Published January 16. 2013 12:00PM Updated January 17. 2013 12:55PM
New London — When Riverbank Construction breaks ground in May for its 103-unit Village on Thames project in Fort Trumbull, the city can expect more good things to happen, according to the Renaissance City Development Association.
"We are at the tipping point,'' Frank McLaughlin, project manager for RCDA, said Wednesday during a development forum at the Fort Trumbull Conference Center. "When people see we are actually developing at Fort Trumbull, other people will be interested in developing here, too."
He said Fort Trumbull could see the development of a hotel, an indoor water park, a museum, a boat storage facility and a seven-story parking garage.
Mayor Daryl Justin Finizio has said there could be an announcement next month as to where the Coast Guard Museum will be built. Many have speculated it will be located somewhere downtown.
"We don't have to jump out the window'' if that happens, McLaughlin said. "We could become a mecca of museums."
The region already has the Nautilus Museum and Mystic Seaport museum, he said.
The 13-year-old Fort Trumbull Municipal Development Plan earmarked a parcel of land for a Coast Guard Museum, but McLaughlin said another museum could be built in Fort Trumbull, maybe an extension of the Smithsonian museums.
McLaughlin was one of a dozen people, including Gov. Dannel P. Malloy, who spoke at the all-day forum "Visions & Plans: New London 2013 & Beyond."
Malloy was in Norwich earlier Wednesday at a Chamber of Commerce of Eastern Connecticut breakfast, where he said the state budget he will unveil next week will have no tax increases.
The state has no funds to help with development in New London, but Malloy did pledge his support for the city Wednesday.
"I absolutely love New London," Malloy told about 35 people gathered at the conference. "I think there are great opportunities here. You have a fan and a supporter in me."
Malloy pointed out that years of government policies have contributed to the decline of urban areas, but newer programs — such as education reform — also will help improve smaller cities with urban issues, such as New London, Groton and Norwich.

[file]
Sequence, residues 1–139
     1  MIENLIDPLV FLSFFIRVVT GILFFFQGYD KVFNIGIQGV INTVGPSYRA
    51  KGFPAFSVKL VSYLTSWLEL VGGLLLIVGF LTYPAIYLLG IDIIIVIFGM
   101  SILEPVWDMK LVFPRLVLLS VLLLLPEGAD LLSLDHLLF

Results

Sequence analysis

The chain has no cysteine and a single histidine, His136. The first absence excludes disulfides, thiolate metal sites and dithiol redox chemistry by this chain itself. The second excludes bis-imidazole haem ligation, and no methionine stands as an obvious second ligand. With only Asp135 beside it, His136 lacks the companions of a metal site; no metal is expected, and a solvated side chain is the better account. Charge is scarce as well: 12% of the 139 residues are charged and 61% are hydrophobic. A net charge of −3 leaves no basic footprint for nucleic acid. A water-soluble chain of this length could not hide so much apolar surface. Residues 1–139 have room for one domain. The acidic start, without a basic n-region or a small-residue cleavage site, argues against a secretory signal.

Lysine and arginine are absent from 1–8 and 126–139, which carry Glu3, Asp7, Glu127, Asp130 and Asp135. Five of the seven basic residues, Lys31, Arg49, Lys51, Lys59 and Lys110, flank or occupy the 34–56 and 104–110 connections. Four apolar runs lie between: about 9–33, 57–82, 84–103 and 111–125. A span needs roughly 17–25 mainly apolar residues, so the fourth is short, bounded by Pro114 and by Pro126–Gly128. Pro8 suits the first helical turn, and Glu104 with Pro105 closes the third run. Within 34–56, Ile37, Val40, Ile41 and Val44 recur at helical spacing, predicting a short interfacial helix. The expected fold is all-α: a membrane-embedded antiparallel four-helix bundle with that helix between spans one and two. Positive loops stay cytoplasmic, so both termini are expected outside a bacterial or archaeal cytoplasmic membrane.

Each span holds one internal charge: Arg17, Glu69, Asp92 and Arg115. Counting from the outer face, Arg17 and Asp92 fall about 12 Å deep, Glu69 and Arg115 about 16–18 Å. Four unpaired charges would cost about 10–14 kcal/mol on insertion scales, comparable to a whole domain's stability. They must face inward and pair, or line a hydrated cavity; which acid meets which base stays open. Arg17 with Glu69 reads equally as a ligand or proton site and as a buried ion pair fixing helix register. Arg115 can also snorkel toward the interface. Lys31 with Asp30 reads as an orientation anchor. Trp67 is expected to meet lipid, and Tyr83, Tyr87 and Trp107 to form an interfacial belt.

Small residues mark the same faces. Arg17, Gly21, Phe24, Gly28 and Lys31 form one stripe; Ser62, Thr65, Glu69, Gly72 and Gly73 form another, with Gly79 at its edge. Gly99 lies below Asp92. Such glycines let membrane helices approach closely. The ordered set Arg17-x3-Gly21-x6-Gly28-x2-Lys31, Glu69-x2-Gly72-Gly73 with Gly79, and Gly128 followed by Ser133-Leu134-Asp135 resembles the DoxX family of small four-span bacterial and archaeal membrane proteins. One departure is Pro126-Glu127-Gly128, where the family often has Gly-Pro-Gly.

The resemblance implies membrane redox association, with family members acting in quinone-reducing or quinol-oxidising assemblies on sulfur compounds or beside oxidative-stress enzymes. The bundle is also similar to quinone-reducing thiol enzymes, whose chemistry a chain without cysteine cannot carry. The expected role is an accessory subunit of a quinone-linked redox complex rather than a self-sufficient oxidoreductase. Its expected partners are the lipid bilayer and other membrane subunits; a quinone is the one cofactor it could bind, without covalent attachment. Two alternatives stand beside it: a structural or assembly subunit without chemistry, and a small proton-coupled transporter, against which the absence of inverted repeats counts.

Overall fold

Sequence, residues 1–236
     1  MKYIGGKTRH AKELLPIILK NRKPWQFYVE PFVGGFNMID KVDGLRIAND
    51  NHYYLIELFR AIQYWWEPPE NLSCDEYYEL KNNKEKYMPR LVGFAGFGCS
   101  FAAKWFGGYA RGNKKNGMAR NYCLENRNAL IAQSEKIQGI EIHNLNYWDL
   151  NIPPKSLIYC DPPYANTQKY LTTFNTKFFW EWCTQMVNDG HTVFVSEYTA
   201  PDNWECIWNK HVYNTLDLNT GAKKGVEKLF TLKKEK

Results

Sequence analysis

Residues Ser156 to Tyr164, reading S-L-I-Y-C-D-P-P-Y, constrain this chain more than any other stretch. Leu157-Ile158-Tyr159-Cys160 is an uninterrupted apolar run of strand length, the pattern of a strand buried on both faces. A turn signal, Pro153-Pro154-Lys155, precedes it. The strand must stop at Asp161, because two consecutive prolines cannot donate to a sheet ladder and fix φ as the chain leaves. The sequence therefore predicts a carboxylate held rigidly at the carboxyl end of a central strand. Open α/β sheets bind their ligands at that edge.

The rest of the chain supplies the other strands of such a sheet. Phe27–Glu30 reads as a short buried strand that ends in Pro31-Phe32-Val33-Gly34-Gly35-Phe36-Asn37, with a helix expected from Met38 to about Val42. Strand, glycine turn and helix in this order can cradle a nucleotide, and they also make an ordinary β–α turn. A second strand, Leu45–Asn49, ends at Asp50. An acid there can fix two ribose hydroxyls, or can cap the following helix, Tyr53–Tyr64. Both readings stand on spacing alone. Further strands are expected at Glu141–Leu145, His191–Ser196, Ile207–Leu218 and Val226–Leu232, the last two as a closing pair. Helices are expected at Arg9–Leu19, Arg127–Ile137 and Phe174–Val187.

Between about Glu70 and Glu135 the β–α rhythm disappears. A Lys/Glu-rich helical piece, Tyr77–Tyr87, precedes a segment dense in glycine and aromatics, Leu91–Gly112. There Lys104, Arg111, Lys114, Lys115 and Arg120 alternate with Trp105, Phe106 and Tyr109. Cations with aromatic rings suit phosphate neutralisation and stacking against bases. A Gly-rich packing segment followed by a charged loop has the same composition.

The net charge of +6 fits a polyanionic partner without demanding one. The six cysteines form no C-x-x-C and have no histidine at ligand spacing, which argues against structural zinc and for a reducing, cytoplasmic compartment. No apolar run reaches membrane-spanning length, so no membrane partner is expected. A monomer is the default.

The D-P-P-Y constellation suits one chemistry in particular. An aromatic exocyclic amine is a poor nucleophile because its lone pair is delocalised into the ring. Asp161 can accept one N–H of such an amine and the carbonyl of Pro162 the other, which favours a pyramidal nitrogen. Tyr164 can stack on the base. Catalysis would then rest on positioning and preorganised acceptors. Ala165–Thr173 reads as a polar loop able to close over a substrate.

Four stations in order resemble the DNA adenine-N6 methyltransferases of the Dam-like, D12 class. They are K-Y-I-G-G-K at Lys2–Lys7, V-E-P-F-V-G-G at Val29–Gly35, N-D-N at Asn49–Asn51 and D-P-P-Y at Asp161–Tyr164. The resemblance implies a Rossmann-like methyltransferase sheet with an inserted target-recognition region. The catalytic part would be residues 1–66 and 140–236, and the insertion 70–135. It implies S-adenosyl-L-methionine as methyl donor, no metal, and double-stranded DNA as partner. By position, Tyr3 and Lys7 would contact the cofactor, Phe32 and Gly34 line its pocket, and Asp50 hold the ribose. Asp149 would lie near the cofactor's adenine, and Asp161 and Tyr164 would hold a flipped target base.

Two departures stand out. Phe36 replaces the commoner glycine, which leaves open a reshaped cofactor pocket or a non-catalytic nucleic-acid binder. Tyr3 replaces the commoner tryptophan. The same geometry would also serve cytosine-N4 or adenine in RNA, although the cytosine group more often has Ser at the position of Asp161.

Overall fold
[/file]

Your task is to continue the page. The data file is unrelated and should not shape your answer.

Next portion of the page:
"We made them (cities) more expensive to live in, with not very good schools and higher crime rates, and then we were surprised when no one wanted to live here,'' he said.
He told the group that addressing education and crime problems, and then focusing on New London's proximity to the water and its historic past, could go a long way in boosting the city's profile.
"If we straighten out some urban-related issues and build on our strengths, advertise appropriately, we will see more people who want to visit here and will want to live here,'' he said.
The forum, hosted by New London Landmarks, featured presentations from groups with various plans for the city, including the Village on the Thames project in Fort Trumbull; an architectural study of three buildings at the corner of State and Bank streets; and proposed upgrades to the downtown municipal parking lot on Eugene O'Neill Drive.
Also speaking was Brian Kent of Kent + Frost Landscape Architects of Mystic, who talked about the city's Creative Placemaking program, which is trying to find ways to better use existing spaces. The group is focusing on Riverside Park and Hodges Square, an area referred to as northeast New London, which was virtually separated from the rest of the city when the twin spans of the Goldstar Memorial Bridge were built more than 40 years ago.
Working with the landscape architecture department at the University of Connecticut, the program is compiling a report with suggestions that include expanding sidewalks and making streets more accessible to pedestrians and bicyclists, putting up signs and improving the facades of existing buildings.
During Wednesday's meeting, Bud Bray, who said he probably has walked or biked more of the city during the past 40 years than anyone else in the room, took exception to all the groups trying to gentrify the city and squeeze out the people who live there. Those who live around Hodges Square, he said, are isolated and neglected by the city because they are poor.
But Sandra Chalk, executive director of New London Landmarks, took exception to Bray's comments.
"We're talking about revitalizing and reconnecting, not about gentrifying,'' Chalk said. "We are trying to make downtown more accessible and not isolate people.
"What's wrong with trying to make it look nice?''